If you decide on a longer time period (like bi-weekly or monthly), consider scheduling time-sensitive tasks separately, when they are needed. Elizabeth Grace Saunders, a time management coach and author, shares the benefit of scheduling:
Scheduling these items has multiple purposes:
It helps me admit to myself that they take a significant amount of time and won’t be “squeezed” in somewhere.
It forces me to see where I have time between now and the deadline to get that activity done.
It helps me to make that particular activity a priority on that particular day and time.How to accomplish life-admin tasks, aka the most boring things on your to-do list list
However you decide to approach the time-management of life admin, the most important thing is simply to start and get some practice!
While I can’t possibly address every task that may fall in your administrative responsibilities, I hope to offer you actionable steps that will immediately move the most common tasks into systems you can trust (and give you those precious feelings of relief and control.)
Below are 40+ different tips with instructions & helpful links. Think of it as your reference book 🙂
But I have also put together a tool that will generate a Personalized Life Admin Action Plan for you! After reviewing and familiarizing yourself with the strategies below, you can fill out an online form to prioritize what areas are most important for you and eliminate tasks that are irrelevant,. Within seconds, you’ll get a custom plan email to you with:
- 3 separate lists that help you tackle the most important priorities first and wrap up the others when you have time
- Free “coaching” strategies with 4 research-based tips from my e-book, Habits-Based Homemaking.
Solutions for Managing Life Admin
Life admin tips for meal planning, shopping, and household supplies
Use theme nights to take the thought out of meal planning. Meal Planning Blueprints (my meal planning hero) has an amazingly powerful, simple guide here!*
Save your meal plans to reuse again! For a template and to-do guide, see my full post and free workbook.
Use online grocery shopping & store pick-up to cut down on time in the store. Save common items as Favorites for easy reordering.
- Get $10 off your first Walmart pick-up order (no fee!)
- Get $10 off Instacart to shop at places like Aldi or Earth Fare.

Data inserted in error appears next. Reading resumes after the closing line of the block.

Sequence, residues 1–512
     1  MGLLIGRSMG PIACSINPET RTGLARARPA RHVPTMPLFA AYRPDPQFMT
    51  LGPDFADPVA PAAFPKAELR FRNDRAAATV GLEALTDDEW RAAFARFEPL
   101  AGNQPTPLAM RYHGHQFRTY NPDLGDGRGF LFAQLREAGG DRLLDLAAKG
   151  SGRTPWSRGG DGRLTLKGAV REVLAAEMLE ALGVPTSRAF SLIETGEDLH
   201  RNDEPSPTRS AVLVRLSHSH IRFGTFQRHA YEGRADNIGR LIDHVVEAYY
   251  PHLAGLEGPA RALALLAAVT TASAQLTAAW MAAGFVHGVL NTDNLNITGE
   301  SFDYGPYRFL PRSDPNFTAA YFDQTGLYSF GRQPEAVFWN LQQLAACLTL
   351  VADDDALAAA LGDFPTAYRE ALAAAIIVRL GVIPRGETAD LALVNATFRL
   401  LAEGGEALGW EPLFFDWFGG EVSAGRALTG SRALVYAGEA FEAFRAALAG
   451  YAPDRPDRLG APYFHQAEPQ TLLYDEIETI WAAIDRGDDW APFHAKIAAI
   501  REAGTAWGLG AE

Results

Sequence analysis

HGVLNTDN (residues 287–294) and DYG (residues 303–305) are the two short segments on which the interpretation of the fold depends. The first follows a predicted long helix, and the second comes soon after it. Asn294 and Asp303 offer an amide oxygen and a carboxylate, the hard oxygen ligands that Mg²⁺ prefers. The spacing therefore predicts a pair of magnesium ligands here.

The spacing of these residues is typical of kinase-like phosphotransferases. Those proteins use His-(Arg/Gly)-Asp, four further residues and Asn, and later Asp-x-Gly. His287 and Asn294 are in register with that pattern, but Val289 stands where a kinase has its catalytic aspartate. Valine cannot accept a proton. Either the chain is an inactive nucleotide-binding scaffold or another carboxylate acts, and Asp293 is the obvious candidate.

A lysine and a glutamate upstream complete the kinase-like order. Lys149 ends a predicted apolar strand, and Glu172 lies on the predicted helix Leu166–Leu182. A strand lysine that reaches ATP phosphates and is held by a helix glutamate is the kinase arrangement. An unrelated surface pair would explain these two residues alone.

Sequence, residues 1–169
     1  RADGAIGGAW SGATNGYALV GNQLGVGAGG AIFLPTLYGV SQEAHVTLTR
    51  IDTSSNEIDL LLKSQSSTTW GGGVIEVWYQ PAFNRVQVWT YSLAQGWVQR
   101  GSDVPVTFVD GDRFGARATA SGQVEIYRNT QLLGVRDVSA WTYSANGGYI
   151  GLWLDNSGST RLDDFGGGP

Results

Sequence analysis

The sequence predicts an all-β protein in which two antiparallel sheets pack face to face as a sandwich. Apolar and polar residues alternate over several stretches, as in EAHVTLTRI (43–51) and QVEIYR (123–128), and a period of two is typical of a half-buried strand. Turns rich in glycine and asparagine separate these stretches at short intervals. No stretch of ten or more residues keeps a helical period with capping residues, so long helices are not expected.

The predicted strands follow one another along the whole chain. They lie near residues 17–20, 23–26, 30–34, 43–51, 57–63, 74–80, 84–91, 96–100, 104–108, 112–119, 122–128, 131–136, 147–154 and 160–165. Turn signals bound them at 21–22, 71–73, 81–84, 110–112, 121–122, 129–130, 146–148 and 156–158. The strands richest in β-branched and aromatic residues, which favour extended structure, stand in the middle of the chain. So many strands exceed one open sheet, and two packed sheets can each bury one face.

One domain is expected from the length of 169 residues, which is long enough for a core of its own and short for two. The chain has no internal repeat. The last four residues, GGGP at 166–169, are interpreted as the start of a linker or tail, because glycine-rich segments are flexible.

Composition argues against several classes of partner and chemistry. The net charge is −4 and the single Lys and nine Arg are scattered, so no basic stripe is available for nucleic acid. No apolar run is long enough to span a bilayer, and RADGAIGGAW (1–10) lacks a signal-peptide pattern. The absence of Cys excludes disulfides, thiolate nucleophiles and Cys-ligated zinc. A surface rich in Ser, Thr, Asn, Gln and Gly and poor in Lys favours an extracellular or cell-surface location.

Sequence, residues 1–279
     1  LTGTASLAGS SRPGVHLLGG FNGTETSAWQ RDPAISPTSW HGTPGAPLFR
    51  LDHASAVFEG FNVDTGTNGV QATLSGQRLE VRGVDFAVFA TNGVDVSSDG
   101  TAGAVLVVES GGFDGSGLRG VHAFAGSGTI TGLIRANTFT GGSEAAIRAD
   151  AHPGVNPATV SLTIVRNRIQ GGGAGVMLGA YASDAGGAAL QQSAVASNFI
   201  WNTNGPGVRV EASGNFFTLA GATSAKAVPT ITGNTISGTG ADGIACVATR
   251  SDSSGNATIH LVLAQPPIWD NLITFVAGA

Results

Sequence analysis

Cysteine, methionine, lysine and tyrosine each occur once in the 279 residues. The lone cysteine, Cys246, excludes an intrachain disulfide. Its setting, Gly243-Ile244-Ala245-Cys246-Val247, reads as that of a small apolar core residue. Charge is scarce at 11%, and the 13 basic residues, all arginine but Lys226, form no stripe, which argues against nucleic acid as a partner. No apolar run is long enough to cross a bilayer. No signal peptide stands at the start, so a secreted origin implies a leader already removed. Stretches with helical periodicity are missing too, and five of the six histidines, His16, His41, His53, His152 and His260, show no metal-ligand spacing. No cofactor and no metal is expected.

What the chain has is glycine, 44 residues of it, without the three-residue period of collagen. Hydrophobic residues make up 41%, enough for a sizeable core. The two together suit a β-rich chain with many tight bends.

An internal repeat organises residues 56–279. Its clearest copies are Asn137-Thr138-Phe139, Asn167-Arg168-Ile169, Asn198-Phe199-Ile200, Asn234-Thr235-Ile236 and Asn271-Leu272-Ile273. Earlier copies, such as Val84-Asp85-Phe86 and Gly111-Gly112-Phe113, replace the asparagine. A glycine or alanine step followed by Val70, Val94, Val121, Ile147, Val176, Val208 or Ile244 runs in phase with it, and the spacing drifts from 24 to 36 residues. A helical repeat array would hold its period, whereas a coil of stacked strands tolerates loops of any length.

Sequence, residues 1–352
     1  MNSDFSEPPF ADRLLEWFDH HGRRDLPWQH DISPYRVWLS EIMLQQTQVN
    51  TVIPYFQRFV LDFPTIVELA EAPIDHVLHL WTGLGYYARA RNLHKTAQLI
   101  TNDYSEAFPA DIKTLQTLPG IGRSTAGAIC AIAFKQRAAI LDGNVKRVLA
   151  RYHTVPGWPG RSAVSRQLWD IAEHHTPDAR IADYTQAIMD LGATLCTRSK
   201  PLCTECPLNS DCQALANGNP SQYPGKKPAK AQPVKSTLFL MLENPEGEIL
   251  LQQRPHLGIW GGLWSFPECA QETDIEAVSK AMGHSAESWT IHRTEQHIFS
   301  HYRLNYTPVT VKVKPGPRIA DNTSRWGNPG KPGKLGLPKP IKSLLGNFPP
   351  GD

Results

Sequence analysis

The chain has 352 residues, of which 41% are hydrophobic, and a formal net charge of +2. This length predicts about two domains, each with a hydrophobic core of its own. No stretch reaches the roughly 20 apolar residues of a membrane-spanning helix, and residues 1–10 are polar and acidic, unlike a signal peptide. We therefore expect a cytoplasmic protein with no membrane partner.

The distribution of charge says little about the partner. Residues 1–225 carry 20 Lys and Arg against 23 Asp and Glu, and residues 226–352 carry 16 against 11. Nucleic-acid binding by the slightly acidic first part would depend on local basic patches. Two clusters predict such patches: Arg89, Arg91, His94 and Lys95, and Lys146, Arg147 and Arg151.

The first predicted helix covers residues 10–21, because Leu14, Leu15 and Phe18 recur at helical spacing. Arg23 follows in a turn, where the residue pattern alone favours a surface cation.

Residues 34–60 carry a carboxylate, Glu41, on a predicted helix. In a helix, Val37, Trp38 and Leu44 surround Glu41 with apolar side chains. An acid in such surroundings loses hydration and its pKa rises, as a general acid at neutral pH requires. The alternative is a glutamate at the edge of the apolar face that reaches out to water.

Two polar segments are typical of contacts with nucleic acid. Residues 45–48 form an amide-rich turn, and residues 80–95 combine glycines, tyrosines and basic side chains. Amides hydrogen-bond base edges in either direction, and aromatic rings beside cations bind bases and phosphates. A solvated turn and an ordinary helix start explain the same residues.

- Use Target’s curbside pickup with no minimum order!
Use Amazon Prime Subscribe & Save* for items you know you’ll need every month, such as vitamins, paper supplies, etc. If there are items you order very frequently, Dash Buttons may work for you*. (Full disclosure, I haven’t used them but I have used Subscribe & Save.)
Use a staples checklist regularly (I recommend once a month) to inventory everything needed in your home for the next month. That way, you’re not keeping up with it along the way.
Set up a running list of miscellaneous items needed – a dry erase board on the fridge, an Alexa list, or a task with subtasks in your to-do app. Keep it in one place that is easy to access right when you notice something.
Use an app like Cookbook to store all your go-to recipes in one place. Cookbook in particular has so many time saving features:
- Import recipes from URL, from a photo, or manually.
- Search quickly by recipe name or by ingredients.
- Scroll through for quick meal selection.
- Use multiple built-in timers when cooking.
Life admin tips for digital management
Use LastPass to generate strong passwords, save logins across sites, and even save common information used to fill forms (like addresses, middle name, etc.)
Clean up your inbox by:
- Unsubscribing from unused emails or using Unroll.me to send unwanted email to trash and/or combine promotional emails into a summary
- Use filters to organize what emails you see first
- Choose an “Inbox Zero day” to clean out your inbox (can also apply to text messages, as well!)
Bookmark frequently-visited sites for quick navigation, especially log-in pages for bills, financial accounts, social accounts, etc. For bills, consider adding the due date of the bill WITHIN the bookmark name for an easy reminder.
Use online photo storage like Amazon Photos (see my full answer-all-your-questions guide here) to keep all your photos in one spot. If you prefer to keep a hard back-up, you can also set up a simple file structure on your laptop and schedule a regular time to transfer the photos.
Life admin tips for finances and budgeting
Schedule a time for a budget review.
- Use a software that makes it easy to see your budget categories. Mint is a great free tool, but I think YNAB (You Need a Budget) is worth the money. Free trial here*.
- If you’re not using a budget yet, start by combing through all of your bank statements to see what bills and expenses you usually have. Mint and YNAB both have great categories to sort those expenses and start to create an idea of where your money is going.
Consider breaking down yearly or semi-annual bills (such as insurance premiums, membership fees, property taxes, and more) into monthly amounts. Set this back each month so that you are prepared when that bill comes around. (YNAB is perfect for this, as it uses “buckets” to budget your money.) This preparation eliminates the mental tracking and stress of irregular or unexpected bills.
- Low balance
- Direct deposit funds available
- Large purchase
- Unusual account activity
Set up auto-pay for your bills. (If cash flow is tricky, you could also set a reminder for a couple of days before to check your account. Otherwise, it’s automatic!)
Use PayPal, Venmo or Cash App for staying on top of paying miscellaneous funds, such as to friends, family, or non-recurring payments. When possible, send money immediately so you don’t have to remember to do it later.
Use the same tax professional or online tax preparation software year after year. Information from previous tax years will be saved within their software, meaning you don’t have to find the documents or re-enter it. This also means that the tax questions are tailored to your situation based on past information. (We use TurboTax for this.*) Add a recurring task to prepare & file taxes well in advance of your due date (for example, individual tax returns are due on April 15th in the US, so schedule a time as early as February.)
Keep separate folders in your filing system for tax-related documents. Don’t know what to keep? See this guide.